Russian Ruble Near 5-Year Highs versus Euro
The Russian ruble surged beyond 64 percent on Monday, momentarily reaching 62.71 to the greenback. It rose to its best level in nearly five years versus the euro, aided by continued currency trade restrictions.
The ruble has been the world’s best-performing currency this year, despite artificial help from capital controls implemented by Russia in late February to protect its financial sector after it launched tens of thousands of troops into Ukraine.
According to central bank figures released on Monday, Russia’s current account surplus more than tripled from January to April to $95.8 billion, bolstered by more significant import receipts and a decline in imports. The ruble was 1.5 percent firmer against the dollar at 63.59, close to its highest level since early February 2020, when it hit 62.6250 on Friday.
The ruble surged 1.6 percent against the euro to 66.05, remaining close to its highest level since June 2017 of 64.9425, which it reached on the Moscow Exchange on Friday.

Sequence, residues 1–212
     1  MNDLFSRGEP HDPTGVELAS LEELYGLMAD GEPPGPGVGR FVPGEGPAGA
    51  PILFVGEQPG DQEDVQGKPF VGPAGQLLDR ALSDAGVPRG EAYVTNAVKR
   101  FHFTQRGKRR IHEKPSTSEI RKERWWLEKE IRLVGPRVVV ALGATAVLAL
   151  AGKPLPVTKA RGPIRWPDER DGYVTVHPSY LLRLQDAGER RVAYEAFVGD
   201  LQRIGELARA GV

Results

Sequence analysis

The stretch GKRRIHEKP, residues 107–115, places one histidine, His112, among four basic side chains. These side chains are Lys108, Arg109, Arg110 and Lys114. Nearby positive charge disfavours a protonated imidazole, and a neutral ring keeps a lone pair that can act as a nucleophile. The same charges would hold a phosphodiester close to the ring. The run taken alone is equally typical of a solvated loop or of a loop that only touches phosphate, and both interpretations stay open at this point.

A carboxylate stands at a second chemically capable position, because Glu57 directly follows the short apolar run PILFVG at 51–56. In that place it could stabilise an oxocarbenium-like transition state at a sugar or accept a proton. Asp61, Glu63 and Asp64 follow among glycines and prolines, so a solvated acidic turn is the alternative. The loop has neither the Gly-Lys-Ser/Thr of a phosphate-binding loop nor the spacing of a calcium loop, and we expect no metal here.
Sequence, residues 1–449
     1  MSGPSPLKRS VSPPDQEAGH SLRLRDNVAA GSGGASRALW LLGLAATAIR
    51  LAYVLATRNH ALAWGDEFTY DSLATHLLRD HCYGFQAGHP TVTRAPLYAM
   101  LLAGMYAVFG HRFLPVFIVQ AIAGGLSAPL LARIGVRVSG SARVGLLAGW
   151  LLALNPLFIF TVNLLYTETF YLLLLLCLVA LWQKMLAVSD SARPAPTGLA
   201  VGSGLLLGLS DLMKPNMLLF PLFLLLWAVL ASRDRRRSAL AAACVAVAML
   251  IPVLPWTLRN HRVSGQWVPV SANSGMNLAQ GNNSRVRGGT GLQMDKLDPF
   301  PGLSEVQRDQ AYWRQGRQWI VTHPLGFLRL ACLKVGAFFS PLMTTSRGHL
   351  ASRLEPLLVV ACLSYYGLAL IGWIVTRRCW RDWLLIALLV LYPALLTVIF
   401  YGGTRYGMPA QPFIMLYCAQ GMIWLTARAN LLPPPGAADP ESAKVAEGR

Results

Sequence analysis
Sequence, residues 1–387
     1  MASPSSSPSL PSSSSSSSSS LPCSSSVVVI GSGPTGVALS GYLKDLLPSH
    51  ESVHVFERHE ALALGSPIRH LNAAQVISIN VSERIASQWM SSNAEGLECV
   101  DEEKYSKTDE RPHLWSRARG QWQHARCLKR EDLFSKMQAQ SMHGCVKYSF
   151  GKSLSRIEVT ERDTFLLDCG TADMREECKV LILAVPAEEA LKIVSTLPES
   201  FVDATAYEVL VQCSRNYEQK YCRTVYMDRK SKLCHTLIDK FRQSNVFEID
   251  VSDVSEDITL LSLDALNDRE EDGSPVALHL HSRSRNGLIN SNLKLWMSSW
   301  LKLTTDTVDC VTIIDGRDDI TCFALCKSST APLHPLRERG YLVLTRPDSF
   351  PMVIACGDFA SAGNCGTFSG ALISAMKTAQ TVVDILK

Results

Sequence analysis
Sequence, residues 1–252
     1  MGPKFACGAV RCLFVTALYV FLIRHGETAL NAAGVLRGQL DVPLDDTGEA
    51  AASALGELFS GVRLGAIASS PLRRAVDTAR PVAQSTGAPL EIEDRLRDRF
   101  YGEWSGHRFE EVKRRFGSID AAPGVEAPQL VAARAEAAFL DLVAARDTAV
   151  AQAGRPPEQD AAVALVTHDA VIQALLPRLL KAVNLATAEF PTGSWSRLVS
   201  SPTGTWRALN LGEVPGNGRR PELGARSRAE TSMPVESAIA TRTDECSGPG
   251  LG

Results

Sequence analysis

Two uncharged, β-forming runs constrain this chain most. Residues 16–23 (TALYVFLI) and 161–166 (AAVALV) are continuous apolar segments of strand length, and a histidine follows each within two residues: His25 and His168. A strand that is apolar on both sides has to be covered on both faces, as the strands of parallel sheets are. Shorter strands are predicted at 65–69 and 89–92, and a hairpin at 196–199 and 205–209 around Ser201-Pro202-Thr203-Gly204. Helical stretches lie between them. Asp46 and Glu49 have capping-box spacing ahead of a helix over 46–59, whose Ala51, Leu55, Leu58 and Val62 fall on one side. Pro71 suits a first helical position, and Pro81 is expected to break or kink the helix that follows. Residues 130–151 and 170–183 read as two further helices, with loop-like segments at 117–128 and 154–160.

The impasse between Moscow and the West and fears of fresh penalties to punish Russia for what it terms “a special military operation” in Ukraine are in the spotlight. However, their impact is mitigated by requiring export-focused businesses to convert foreign currency and other constraints.
Today, the ruble’s strength may be slight, although the dollar rate may progressively fall to 62.
Russian Stock Indexes Have Risen
The dollar-denominated RTS index (.IRTS) rose 3% to 1,165.7 points. The MOEX Russian index (.IMOEX) in rubles increased 2% to 2,354.1 points.
The MOEX index could approach the 2,400-2,500 range this week.
The dollar fell against other major currencies for the third day on Tuesday, dampening a protracted advance as investors sold out and reduced bets on interest rate hikes in the United States, driving further gains.
The Chinese yuan has also stabilized after a precipitous drop of more than 6% in a month. It was last worth $6.7795 per dollar. The euro increased modestly to $1.0442, while the Antipodean currencies increased by around 0.5 percent.
The dollar index has returned to 104.169, nearly 0.8 percent lower than last week’s two-decade high of 105.010.
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